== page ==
LIN: Mr. Gissin, we've been reporting this morning that Israeli forces entered several West Bank villages and arrested a number of Palestinians, perhaps in response to the attack on the civilian bus in northern Israel we were reporting yesterday.

Given that, the administration, your administration, is sending forces into West Bank villages. Today, the administration here in the United States is asking for the Israelis to show some restraint. How is your government going to respond to today's attack?

GISSIN: (AUDIO DIFFICULTIES) getting killed. (AUDIO DIFFICULTIES). Every country in the world, and particularly a country like Israel which faces this threat of terrorist activity day and night have the right to protect itself. And if we have ticking bombs, people who about to explode, get out of the villages and (AUDIO DIFFICULTIES) to town, we have the right to defend our citizens, and we exercise the same right as the United States exercised when it went thousands of miles to defend its citizens against this threat of terrorism.

LIN: Mr. Gissin, you have that right. What I'm asking you is what is your government going to do? Is your government going to be sending Israeli troops back into the villages? Are they going to be armed. Are you going to be using your troops, tanks, helicopters in response to today's attacks?

GISSIN: It's obvious, you know, that we will use the appropriate measure, and we will not -- we are not going to reveal right now when and where we are going to do it.

But if Mr. Arafat decides to continue in this policy, hoping to bring about a major escalation, hoping to bring about international forces into this area, I have surprises for him. (AUDIO DIFFICULTIES) is not going to materialize.

LIN: What hope, if any, do you have at this point that Vice President Dick Cheney will return to region, and that peace talks will go forward?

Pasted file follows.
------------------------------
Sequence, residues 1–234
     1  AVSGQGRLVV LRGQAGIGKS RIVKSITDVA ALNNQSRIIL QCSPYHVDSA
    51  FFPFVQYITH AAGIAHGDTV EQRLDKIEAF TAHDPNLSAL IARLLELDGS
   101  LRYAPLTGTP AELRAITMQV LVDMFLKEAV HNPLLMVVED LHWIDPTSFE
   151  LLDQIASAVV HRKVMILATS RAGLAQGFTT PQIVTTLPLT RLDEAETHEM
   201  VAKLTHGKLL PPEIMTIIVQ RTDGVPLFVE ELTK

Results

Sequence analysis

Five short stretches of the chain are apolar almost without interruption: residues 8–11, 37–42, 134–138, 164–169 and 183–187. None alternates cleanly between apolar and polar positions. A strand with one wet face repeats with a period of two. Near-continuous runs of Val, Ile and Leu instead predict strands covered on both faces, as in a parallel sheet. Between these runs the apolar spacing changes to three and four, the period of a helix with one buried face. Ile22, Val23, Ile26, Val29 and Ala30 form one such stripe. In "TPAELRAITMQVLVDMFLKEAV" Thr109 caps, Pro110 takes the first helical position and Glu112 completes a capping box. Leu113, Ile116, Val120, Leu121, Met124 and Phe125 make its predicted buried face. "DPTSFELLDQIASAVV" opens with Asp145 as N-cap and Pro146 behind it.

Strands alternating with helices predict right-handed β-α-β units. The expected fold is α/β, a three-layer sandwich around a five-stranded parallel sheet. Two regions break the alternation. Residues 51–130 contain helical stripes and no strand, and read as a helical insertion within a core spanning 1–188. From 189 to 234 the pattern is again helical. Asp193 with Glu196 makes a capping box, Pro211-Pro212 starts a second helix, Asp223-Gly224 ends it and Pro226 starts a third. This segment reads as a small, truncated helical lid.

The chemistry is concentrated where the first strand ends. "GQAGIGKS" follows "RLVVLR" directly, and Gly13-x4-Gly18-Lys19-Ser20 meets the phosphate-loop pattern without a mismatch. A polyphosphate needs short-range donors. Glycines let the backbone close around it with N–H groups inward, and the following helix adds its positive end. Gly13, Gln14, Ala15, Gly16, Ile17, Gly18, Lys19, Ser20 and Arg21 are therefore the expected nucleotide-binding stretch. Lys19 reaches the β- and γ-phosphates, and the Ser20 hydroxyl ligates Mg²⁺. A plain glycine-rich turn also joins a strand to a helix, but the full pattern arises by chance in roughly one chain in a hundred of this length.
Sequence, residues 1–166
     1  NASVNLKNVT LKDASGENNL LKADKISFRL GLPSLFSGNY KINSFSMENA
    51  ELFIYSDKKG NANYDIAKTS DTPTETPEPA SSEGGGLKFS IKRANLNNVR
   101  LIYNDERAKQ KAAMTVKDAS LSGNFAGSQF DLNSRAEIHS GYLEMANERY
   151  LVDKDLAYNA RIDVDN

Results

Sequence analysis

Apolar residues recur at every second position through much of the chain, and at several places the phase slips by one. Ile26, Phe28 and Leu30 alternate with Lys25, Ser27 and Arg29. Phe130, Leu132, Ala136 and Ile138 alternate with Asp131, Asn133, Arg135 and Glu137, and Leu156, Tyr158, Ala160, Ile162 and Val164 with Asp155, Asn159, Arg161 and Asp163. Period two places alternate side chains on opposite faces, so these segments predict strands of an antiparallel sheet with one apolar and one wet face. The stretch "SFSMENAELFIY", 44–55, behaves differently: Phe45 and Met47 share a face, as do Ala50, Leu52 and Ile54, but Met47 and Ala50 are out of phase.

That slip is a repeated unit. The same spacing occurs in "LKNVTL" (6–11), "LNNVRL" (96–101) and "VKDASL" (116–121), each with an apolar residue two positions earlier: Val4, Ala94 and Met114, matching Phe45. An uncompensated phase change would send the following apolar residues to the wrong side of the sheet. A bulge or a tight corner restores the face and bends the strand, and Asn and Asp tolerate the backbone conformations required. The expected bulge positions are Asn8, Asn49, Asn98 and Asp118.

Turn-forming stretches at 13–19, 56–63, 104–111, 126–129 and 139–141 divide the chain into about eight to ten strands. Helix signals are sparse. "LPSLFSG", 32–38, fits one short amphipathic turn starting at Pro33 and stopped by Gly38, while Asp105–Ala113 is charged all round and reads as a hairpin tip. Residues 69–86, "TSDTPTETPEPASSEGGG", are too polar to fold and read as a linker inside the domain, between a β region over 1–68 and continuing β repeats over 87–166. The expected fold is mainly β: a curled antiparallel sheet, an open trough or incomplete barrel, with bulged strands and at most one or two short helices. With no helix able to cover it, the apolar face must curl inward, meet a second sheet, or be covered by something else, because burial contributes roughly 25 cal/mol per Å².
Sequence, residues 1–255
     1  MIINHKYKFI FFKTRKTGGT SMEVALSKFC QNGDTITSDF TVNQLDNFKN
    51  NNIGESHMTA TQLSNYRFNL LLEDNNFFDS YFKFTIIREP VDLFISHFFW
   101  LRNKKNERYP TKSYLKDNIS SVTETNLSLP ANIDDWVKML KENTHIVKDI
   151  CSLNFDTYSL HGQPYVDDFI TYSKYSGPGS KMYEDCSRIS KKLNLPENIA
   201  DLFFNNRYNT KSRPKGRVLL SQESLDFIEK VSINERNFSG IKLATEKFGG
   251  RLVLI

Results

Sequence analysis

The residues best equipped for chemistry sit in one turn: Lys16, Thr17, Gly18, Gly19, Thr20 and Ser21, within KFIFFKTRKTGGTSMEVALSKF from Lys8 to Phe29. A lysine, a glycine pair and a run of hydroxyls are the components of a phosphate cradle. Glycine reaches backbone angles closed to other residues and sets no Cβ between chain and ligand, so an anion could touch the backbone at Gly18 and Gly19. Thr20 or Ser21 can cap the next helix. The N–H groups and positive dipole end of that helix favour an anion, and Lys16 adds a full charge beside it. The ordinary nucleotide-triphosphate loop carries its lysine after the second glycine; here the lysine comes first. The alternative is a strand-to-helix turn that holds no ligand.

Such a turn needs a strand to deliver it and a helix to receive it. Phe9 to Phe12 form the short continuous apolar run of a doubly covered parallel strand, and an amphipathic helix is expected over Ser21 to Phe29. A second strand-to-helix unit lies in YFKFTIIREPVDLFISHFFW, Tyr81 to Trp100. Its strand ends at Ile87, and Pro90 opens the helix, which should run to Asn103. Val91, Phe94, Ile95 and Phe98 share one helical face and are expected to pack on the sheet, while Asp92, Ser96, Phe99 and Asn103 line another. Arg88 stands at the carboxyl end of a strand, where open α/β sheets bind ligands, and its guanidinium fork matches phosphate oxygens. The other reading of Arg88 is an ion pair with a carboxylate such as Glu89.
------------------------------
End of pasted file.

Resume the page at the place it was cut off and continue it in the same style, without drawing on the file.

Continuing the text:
GISSIN: It all depends on the extent of pressure mounted on Arafat by all parties concerned in the Middle East. We have (AUDIO DIFFICULTIES). We need to do more in order to achieve a cease-fire, in order to implement Tenet and Mitchell, and move to the political negotiations. We've seen that the Palestinians, particularly their leader at this present time, is not interested in that approach. And therefore, we will let the (AUDIO DIFFICULTIES). And if that doesn't work, then we will, of course reconsider our overall policy, vis-a-vis Arafat and vis-a-vis the Palestinian Authority.

LIN: Mr. Gissin, I'm just hearing that Palestinian sources are telling CNN that the Israelis have canceled today's round, or the next round of peace talks. Is this true?

GISSIN: I don't know. I have no confirmation of that yet. But there's no doubt that following such a horrendous attack, there's a need to reassess our overall position, and I think in the next few hours, this issue will be clearer, and we will know exactly where we are standing.

But right now, there is a need, an immediate need, to put all the pressure possible on Arafat and the Palestinian Authority to stop from this crazy, senseless wave of terrorist activity, which is only eventually bringing more damage, more tragedy to the Palestinian people and we are trying to avoid it.

LIN: All right, Ra'anan Gissin. He is the adviser to Prime Minister Ariel Sharon in Israel. And again, you are looking at devastating pictures there of the victims of this latest suicide bombing in central Jerusalem. Our thanks to Ra'anan Gissin for taking time out of his day. He is saying that his government is waiting and assessing to see what Yasser Arafat is going to do in terms of trying to secure the situation, trying to stop the violence. They are saying that they need more evidence that he can, in fact, control these acts of terror.

We are going to take a quick break right now, and we will be right back.